In December 2007, the Wall Street Journal profiled CenturyTel Inc., a Louisiana phone company, and its attempt to enter the Internet Service Provider (ISP) business. Along the way, CenturyTel decided to also enter the online advertising business:
"The technology it's using could change the way the $16.9 billion Internet ad market works, bringing in a host of new players -- and giving consumers fresh concerns about their privacy. CenturyTel's system allows it to observe and analyze the online activities of its Internet customers, keeping tabs on every Web site they visit. The equipment is made by a Silicon Valley start-up called NebuAd Inc. and installed right into the phone company's network."
Pretty soon, advertisers will no longer need to install software or use the HTTPs cookies file on consumers' computers to perform behavioral advertising (a/k/a behavioral targeting). Instead, they can get all the consumer data they'd ever want from ISPs -- who are happy to install the behavioral targeting software and equipment on their servers for a piece of the new revenue stream. How it will work:
"NebuAd takes the information it collects and offers advertisers the chance to place online ads targeted to individual consumers. NebuAd and CenturyTel get paid whenever a consumer clicks on an ad."
The description of the new server software and equipment:
"The newer form of behavioral targeting involves placing gear called "deep-packet inspection boxes" inside an Internet provider's network of pipes and wires. Instead of observing only a select number of Web sites, these boxes can track all of the sites a consumer visits, and deliver far more detailed information to potential advertisers."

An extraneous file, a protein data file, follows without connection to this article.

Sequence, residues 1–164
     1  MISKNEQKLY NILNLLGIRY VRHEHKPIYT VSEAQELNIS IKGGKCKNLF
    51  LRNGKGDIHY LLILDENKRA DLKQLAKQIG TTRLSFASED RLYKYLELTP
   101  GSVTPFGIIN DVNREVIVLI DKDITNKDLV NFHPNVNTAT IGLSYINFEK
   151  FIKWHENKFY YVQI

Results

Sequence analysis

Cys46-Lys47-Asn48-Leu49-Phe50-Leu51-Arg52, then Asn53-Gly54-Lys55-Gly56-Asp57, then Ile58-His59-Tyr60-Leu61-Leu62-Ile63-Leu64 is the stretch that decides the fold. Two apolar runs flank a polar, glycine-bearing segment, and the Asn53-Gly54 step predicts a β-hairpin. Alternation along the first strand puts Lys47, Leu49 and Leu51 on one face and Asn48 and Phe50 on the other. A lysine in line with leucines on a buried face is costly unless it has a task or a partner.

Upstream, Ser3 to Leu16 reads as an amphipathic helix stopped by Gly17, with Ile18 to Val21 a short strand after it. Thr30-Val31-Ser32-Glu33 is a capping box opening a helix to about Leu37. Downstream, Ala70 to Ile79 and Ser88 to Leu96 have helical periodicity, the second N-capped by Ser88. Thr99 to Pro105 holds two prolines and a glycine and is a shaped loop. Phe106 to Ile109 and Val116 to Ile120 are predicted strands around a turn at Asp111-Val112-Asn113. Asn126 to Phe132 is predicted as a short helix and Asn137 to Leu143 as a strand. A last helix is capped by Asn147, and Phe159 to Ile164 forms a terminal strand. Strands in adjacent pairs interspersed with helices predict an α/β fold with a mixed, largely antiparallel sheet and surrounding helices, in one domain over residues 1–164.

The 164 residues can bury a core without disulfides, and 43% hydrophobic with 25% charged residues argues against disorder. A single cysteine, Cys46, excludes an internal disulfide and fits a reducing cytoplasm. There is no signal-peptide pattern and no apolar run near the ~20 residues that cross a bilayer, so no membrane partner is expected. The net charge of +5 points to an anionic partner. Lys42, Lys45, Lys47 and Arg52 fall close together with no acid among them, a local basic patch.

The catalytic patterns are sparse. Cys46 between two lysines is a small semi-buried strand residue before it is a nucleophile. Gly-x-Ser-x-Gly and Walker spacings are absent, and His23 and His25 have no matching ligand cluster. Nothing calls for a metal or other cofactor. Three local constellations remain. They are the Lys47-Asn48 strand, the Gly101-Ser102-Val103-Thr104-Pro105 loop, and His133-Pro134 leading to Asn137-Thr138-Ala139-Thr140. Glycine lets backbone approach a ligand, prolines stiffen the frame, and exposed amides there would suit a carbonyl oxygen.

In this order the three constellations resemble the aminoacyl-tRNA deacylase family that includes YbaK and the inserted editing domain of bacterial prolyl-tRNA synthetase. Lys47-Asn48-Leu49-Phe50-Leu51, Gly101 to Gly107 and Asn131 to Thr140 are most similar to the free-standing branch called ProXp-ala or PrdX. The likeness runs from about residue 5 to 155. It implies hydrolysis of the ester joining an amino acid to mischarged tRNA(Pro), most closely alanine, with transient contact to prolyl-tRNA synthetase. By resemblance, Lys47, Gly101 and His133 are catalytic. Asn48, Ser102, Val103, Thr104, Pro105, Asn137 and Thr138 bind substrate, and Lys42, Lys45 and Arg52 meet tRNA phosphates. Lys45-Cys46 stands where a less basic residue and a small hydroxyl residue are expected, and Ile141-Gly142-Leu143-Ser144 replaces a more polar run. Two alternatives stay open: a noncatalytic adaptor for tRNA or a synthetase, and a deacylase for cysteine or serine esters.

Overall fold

Companies already see the new revenue opportunity:
"... new companies are rushing in. Both wireless and wireline Internet-access providers such as CenturyTel, Rochester Telecom Systems Inc. and Embarq Communications Inc., among others, have entered the advertising gold rush. And they've tapped Internet equipment companies like NebuAd, Front Porch Inc., and Phorm Inc. to provide the gear to help them along."
Well, this is just peachy. Every ISP knows a lot about its subscribers... personally identifiable information such as name, address, birth date, phone, credit card, e-mail address, IP address, and in some cases Social Security Number. It doesn't take much effort to match this personally-identifiable data to a subscriber's web surfing activity.
This new technology fundamentally changes the relationship between ISPs and their subscribers. As ISPs get more or most of their revenue from advertising, and a decreasing amount from subscribers' fees, it logical to question whether ISPs will continue to operate in the best interests of consumers. In a weird way, ISPs can now make (a lot of) money through surveillance.
This makes it more important now for consumers to express their privacy and data security concerns. It is reasonable for consumers to demand legislation requiring ISPs to provide clear, easy, free, opt-in mechanisms for consumers who wish to participate in that ISP's behavioral advertising program.
Now is also an opportunity for consumers to specify the data they consider sensitive and should be excluded from any ISP behavioral advertising programs. See these prior posts about why consumers' IP addresses should be considered sensitive personal data, and why consumers' personal data should be treated (and protected) like nuclear fuel.